I think fewer clothes may lead to more people 
    my small self... like a book amongst the many on a shelf
  • brianluxbrianlux Moving through All Kinds of Terrain.Posts: 25,418
    I think fewer clothes may lead to more people 
    Yyyyyyyeah... but it depends on the age group.  :lol:
    "Love and only love will break it down"
    -Neil Young
    ***********
    M.I.T.S.





  • brianluxbrianlux Moving through All Kinds of Terrain.Posts: 25,418
    Here's an interesting little thing I just learned.  It's late June and in this part of California, we are already very near the 100 Fahrenheit mark (that's about 37.8 Celsius  for those of you who live in the rational parts of the world using the metric system.)  So I'm sitting here thinking, "I could sure use a cold drink.  I went to the fridge, popped the ice out of one of the ice cube trays, threw some in a glass and poured myself some lemonade.  And then I got to thinking (goddamn it, why am I always thinking?),  I got to wondering how much harm my having ice was doing to the planet.  So I looked it up and found that, though yes, it is doing a tiny bit of harm, it could be worse.  Turns out that if I had a fridge with an automatic ice maker I would be doing more harm than using ice cube trays the way we do.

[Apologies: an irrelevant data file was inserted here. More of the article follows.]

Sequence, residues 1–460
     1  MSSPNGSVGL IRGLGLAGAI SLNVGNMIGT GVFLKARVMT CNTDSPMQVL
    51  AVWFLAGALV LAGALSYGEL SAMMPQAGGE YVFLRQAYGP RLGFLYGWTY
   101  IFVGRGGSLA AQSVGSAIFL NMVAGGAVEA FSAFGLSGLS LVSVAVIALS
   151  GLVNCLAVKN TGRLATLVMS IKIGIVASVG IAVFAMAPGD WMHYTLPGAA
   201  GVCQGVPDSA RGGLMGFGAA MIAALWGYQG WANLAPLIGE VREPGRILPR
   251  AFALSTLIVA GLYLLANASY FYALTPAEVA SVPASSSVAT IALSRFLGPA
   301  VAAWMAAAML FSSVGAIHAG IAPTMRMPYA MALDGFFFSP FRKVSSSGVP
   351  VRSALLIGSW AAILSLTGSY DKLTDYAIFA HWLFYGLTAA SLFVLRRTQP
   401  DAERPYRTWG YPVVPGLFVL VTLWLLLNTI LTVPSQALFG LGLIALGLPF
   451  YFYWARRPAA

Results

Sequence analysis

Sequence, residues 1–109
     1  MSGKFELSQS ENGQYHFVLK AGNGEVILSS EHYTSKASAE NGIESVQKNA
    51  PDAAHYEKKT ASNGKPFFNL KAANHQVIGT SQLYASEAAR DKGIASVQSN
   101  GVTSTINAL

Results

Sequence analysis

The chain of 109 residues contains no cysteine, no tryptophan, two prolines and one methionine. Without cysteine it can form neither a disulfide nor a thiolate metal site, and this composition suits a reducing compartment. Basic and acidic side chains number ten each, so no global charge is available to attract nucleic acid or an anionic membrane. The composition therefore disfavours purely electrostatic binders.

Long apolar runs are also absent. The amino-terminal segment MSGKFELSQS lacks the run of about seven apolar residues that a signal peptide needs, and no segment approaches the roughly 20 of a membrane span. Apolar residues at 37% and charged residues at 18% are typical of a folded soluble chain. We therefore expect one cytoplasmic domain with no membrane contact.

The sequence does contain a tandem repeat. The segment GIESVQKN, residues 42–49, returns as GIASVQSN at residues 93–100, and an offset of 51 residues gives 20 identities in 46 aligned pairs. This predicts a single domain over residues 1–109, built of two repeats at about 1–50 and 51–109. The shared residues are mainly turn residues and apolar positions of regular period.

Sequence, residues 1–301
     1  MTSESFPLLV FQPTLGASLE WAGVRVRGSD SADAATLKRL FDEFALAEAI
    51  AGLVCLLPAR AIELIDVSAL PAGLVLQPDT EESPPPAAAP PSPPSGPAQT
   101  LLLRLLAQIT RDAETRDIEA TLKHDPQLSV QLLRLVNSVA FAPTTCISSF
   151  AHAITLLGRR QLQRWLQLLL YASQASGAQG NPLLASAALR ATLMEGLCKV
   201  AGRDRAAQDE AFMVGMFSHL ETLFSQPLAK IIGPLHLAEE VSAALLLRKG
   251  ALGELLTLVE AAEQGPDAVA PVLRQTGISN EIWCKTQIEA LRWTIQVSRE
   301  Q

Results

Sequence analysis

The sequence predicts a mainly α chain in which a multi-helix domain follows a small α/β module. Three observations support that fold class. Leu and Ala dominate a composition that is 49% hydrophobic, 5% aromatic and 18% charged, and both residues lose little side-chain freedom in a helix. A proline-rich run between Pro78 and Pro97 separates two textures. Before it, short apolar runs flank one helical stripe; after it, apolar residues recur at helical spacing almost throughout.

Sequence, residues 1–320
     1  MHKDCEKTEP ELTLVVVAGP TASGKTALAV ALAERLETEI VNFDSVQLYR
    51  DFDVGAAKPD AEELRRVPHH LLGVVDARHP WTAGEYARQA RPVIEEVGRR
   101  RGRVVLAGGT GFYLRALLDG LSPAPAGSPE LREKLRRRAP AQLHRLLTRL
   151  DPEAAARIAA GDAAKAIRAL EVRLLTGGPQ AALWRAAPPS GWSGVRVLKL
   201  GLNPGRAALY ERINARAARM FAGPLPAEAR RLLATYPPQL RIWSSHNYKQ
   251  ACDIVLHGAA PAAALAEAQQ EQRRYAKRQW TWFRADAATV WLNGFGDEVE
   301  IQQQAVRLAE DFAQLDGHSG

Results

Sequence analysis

I ran across this article and the first thing it say is, "Want to save the Earth? Easy, just buy a couple of ice trays."  And then it explains why this is better than using automatic ice cube makers.  Very interesting!


    Want to save the Earth? Easy, just buy a couple of ice trays. To the long list of human inventions that are wrecking global climate—the internal combustion engine, the industrial era factory—add the automatic ice maker.

    Climate modelers have long known that households are far bigger contributors to global warming than most laypeople realize. For all the blame tailpipe emissions take for escalating  temperatures, homes and office buildings are actually the single largest contributor to greenhouse gasses. One key reason is the 100-plus million refrigerators in America’s 111 million households. According to the Department of Energy, the standard fridge sucks up about 8% of the electricity used by all homes—a pretty big share given the dozens of big and small appliances and electronics that are also drawing juice.